Monday, March 13, 2006

Sense of humor can be taught

I've written in the past about how important it is socially for our kids to dress stylishly. I also think it's just as important for their social well-being to develop a killer sense of humor. We were lucky enough to have our older son (who may have had the slightest bit of Asperger's, but probably would not be diagnosed as such) who, while he wasn't athletic at all, and wasn't too outgoing, was saved by the fact that he had an awesome sense of humor. He may have been quiet and shy in middle school and most of high school, but he had that ability to make people laugh that came in mighty handy when nothing else was working for him.

This son spent a lot of time watching stand-up comedy routines on TV with us. This was back in the 90's, when comedy on TV was a little cleaner than it is on the Comedy Channel now. This is kind of like the OLD days, when as kids guys would listen to and mimic old Bill Cosby records, or when we would watch Monty Python routines and repeat them over and over in high school. Our son had the two Asperger's traits that can be really useful for comedy -- brains and a great memory -- and so he could use the stuff he learned on TV at school, and after a good amount of time, make up his own routines. He also was a terrific mimic, and could recreate any accent that he heard with pretty good accuracy -- another good thing for a comic.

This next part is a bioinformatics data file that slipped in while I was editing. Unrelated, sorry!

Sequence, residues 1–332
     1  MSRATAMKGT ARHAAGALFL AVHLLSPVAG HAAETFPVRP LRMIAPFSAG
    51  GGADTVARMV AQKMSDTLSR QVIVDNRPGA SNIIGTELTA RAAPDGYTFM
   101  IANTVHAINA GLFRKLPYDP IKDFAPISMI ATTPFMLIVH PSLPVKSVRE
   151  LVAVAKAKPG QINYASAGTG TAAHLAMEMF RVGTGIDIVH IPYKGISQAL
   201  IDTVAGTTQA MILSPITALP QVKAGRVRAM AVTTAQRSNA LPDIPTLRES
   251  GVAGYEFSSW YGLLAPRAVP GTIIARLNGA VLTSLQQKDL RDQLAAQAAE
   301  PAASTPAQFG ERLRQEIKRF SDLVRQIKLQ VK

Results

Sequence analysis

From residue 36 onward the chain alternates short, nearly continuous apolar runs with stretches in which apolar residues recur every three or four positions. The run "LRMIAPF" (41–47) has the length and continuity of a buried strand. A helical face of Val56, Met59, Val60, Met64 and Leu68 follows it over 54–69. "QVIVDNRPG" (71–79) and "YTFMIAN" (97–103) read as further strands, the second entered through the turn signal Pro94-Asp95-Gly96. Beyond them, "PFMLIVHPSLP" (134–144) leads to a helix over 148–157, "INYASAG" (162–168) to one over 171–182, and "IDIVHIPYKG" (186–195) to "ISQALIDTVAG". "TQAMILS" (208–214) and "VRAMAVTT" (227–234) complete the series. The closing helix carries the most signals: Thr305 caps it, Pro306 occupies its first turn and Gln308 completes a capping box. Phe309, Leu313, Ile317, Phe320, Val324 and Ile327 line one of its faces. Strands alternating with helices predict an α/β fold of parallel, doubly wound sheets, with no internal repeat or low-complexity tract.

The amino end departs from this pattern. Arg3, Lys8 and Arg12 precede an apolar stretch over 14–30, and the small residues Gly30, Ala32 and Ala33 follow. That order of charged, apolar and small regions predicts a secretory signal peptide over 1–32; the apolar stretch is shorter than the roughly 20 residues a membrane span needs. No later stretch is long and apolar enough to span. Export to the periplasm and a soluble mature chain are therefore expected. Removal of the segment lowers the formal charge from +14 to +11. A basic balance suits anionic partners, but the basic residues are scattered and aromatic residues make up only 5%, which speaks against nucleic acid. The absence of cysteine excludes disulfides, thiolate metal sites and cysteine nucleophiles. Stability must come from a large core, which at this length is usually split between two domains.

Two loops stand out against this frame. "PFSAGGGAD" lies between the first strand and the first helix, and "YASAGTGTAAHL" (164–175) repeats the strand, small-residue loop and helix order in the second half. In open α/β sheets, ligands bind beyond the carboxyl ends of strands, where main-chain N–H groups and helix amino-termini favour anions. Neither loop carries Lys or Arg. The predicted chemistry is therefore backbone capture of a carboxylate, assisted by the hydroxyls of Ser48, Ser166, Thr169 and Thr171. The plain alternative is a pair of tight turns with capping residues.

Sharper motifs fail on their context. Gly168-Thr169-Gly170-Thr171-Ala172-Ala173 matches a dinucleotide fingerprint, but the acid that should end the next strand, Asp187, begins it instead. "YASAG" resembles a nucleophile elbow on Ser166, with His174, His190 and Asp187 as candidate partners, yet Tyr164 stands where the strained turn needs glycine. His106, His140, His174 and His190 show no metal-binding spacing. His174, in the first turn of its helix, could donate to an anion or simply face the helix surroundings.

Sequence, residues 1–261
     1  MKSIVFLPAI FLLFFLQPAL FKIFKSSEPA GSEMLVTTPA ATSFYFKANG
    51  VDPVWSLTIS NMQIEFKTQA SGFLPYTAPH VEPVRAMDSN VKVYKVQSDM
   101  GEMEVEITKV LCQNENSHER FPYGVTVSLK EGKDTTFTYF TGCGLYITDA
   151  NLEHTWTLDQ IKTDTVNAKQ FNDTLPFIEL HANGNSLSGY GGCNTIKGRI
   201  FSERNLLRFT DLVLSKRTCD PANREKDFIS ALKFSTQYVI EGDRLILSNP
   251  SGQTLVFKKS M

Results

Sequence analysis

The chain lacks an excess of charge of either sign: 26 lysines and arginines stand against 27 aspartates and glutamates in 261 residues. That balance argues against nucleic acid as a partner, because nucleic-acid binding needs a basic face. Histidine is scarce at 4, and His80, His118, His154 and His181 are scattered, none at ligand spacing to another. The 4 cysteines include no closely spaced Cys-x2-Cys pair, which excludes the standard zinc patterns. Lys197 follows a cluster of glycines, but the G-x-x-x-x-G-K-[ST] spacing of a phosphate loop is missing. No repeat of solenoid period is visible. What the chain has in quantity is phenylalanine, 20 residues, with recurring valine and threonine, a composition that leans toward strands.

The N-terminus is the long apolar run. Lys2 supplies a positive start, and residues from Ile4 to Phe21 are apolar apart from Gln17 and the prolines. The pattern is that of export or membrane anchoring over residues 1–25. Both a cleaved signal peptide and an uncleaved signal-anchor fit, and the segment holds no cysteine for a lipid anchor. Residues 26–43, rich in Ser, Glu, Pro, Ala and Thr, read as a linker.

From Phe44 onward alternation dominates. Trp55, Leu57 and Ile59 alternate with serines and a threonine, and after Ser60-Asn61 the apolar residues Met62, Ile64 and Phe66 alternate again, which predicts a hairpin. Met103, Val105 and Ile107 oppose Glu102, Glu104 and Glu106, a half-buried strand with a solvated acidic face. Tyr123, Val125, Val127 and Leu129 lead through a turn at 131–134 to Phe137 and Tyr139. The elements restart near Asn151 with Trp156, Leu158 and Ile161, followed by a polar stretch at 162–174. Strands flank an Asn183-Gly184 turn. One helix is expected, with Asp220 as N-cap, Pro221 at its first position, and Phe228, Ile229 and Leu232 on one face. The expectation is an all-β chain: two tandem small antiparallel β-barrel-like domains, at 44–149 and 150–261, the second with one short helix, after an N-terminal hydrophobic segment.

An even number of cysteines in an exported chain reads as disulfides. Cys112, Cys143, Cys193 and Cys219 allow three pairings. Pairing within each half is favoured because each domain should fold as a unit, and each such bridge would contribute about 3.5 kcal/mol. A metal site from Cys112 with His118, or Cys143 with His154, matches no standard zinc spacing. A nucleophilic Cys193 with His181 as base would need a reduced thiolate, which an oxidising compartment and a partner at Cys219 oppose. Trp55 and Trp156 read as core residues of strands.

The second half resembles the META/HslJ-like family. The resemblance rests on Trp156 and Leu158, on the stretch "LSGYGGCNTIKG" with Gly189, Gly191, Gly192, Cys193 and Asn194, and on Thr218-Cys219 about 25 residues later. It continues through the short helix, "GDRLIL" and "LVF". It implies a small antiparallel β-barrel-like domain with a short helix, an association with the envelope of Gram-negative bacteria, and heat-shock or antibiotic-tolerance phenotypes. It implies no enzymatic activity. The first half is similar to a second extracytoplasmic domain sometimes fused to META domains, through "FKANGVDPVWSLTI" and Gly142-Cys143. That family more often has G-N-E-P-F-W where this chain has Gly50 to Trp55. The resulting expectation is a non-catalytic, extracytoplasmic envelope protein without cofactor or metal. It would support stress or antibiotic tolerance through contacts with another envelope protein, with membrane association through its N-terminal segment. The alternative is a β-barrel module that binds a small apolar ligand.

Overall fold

I've often wanted to try to record old Bill Cosby shows, and edit them for specifically good content, and then give them to Will's social skills class for teaching social cues and humor. I've also wanted to try and find old Friday Night Standup routines, edit them for bad language and and other inappropriate content, but use them to teach humor. If there's anyone out there who's already done this sort of thing with success, I'd love to hear from you. And if I ever get around to actually doing this, I'll let you know.



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